One week after a four day test session at the Circuit de Catalunya, Scuderia Ferrari Marlboro were back in action along with the other ten teams, as practice began for Sunday's Spanish Grand Prix, Round 4 of the Formula 1 World Championship.
In the morning, Kimi Raikkonen and Felipe Massa were first and second respectively, the Brazilian surviving two "interesting" spins along the way. At the end of the second ninety minute session, the Finn maintained his place at the top of the time sheet, while the Brazilian ended the day fifth fastest. Second fastest was Nelson Piquet Jnr in the Renault ahead of double world champion and team-mate Fernando Alonso. Fourth place went to the Williams-Toyota of Kazuki Nakajima. Rounding off the top six behind Massa was Mark Webber in the Red Bull-Renault.
Kimi completed a total of 55 laps today, while Felipe did 41, on a day when the air temperature was in the mid-twenties, the sun was shining and the wind, often a problem at this track, did not cause too many problems. It is a common question as to why the teams still feel the need to run many laps on Friday, so soon after a four day test. While it is true that maybe drivers do slightly less distance than usual - Felipe's low number of laps in the morning was due to him not wanting to use a new set of tires after his spin - the circuit conditions change rapidly here, so results from a test often only serve as a baseline. From that starting point, drivers still need to put their cars out on track, to evaluate grip levels, wind conditions and so on. The aim is to fine tune the car, moving forward in performance and consistency terms from the work done at the test session. Kimi had a further reason to do a few more laps in that, as he explained yesterday, he never really got a chance to try the new "nose with the hole" at the test, as the one day he was running on track, the rain washed out any meaningful testing on dry weather tires.
Kimi Raikkonen at Barcelona is the man of the moment; the quickest driver at the wheel of the quickest car. Felipe Massa - who turned 27 today - was close in the morning, but he made a few too many mistakes.
Both cars were in the top seven in the morning, and the top three in the afternoon, with Fernando Alonso and Nelson Piquet incredibly closely matched for pace. But engineering chief Pat Symonds warned: "Friday does not necessarily represent the complete picture."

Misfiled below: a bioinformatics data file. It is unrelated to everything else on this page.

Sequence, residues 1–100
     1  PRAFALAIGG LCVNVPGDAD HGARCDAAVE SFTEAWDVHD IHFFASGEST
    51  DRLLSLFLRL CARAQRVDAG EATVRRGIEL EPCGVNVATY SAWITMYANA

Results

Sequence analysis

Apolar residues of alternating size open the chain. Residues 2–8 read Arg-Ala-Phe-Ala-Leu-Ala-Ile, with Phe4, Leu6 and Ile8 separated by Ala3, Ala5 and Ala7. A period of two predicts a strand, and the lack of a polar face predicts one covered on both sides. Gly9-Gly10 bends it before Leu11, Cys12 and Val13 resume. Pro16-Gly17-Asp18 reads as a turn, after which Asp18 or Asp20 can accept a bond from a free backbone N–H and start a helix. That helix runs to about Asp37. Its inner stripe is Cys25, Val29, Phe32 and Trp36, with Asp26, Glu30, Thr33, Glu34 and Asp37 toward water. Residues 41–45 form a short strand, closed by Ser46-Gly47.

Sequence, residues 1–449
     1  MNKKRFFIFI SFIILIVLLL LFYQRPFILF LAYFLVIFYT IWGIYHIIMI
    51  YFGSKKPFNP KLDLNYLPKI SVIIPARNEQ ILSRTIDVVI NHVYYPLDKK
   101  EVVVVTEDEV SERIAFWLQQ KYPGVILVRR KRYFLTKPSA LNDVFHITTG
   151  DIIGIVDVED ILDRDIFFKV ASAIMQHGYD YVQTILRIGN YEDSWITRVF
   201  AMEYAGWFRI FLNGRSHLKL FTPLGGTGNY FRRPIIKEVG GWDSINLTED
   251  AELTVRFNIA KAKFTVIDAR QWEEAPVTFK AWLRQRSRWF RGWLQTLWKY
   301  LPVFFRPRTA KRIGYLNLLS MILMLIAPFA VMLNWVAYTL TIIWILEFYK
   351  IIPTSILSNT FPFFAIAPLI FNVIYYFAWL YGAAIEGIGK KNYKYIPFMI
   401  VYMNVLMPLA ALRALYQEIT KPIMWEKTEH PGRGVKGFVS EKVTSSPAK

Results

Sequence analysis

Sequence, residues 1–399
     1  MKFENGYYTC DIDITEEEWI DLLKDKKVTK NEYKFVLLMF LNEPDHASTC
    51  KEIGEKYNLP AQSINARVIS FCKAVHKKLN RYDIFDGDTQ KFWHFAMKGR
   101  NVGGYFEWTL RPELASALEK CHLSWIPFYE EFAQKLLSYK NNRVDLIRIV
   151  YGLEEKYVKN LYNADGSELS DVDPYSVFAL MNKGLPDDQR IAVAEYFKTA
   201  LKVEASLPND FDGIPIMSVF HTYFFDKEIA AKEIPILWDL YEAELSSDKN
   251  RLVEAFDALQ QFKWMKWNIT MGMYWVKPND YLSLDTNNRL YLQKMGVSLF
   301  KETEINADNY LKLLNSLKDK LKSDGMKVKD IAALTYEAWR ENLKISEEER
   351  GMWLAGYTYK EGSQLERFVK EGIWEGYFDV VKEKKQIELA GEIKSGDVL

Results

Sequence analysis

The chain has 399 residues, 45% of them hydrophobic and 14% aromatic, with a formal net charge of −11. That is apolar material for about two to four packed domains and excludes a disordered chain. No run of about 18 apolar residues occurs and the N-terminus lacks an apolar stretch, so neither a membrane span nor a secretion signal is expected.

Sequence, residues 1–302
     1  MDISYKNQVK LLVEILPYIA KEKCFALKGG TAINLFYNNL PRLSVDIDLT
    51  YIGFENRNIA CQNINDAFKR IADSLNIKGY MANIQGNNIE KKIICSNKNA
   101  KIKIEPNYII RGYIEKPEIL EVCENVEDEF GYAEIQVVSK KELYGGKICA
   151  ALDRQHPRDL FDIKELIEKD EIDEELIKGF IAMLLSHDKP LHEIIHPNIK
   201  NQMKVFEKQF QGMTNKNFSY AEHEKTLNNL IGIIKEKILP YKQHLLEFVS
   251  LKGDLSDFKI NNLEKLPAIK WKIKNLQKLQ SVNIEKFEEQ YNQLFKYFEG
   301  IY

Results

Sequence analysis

A promising showing, with both runners inside the afternoon top seven, and Kazuki Nakajima conspicuous in fourth.
Mark Webber is hopeful of making Q3 after going sixth quickest in the afternoon session. David Coulthard was eighth best in both 90 minute practices.
Preparations for qualifying propelled both Giancarlo Fisichella and Adrian Sutil respectively inside the top ten. "I think we are a lot more competitive than we expected to be," said technical boss Mike Gascoyne.
A bad day for Heikki Kovalainen; off Lewis Hamilton's pace in the morning, a rear-end change in the break, and finally stranded beside the circuit with a throttle problem after just eight laps in the afternoon. Hamilton was third in the morning but eleventh at the end of the second 90 minute session. "There was too much oversteer and we tried a lot of different things to improve but didn't make the progress we wanted," he said.
Neither driver shone in the afternoon, as they concentrated on race setup. Robert Kubica again appears to have the edge over Nick Heidfeld, and his best showing was fourth in the morning session.
Not a good day for the Japanese team, with Timo Glock only managing to outpace the slow Super Aguris in the afternoon despite putting in a lot of laps. "I don't think it is as bad as the timesheets show today," cautioned chief engineer Dieter Gass.
With the now horn-nosed RA108, Honda's drivers settled near the bottom of the midfield, with Jenson Button's morning tenth place the highlight of the three hours of practice.
Near-identical pace from both drivers, with Sebastian Vettel and Sebastien Bourdais between eighteenth and twentieth in both ninety minute sessions. "Everyone has made big steps forward with their newer cars," Bourdais lamented.
On Friday afternoon, less than nine tenths covered the top twelve runners, but - right at the back - Super Aguri's car is more than a full second slower than its nearest rival. At least the struggling team was in action at the end of a dire week. "I'd like to thank everyone involved with the team for their steadfastness and resolve during difficult times," said sporting boss Graham Taylor.